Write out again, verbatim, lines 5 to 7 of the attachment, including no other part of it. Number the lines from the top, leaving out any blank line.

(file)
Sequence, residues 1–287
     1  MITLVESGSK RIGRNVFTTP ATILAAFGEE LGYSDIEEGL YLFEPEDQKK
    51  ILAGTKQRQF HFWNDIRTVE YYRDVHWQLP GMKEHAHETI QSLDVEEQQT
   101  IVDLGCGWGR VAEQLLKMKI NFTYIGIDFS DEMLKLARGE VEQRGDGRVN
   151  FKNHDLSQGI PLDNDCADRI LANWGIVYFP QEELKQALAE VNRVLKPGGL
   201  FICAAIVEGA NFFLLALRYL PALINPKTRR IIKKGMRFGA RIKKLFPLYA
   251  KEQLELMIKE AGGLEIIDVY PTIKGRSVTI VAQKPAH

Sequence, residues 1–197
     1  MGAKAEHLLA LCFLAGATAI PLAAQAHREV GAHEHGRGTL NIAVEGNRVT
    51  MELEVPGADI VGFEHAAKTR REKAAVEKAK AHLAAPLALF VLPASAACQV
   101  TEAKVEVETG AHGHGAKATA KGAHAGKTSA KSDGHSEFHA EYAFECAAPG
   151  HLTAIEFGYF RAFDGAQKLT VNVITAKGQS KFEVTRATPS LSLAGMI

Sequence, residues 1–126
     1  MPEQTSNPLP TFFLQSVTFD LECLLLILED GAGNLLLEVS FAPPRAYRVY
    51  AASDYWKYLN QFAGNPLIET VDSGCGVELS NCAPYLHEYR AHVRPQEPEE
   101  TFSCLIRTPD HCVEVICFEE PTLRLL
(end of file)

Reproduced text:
   151  FKNHDLSQGI PLDNDCADRI LANWGIVYFP QEELKQALAE VNRVLKPGGL
   201  FICAAIVEGA NFFLLALRYL PALINPKTRR IIKKGMRFGA RIKKLFPLYA
   251  KEQLELMIKE AGGLEIIDVY PTIKGRSVTI VAQKPAH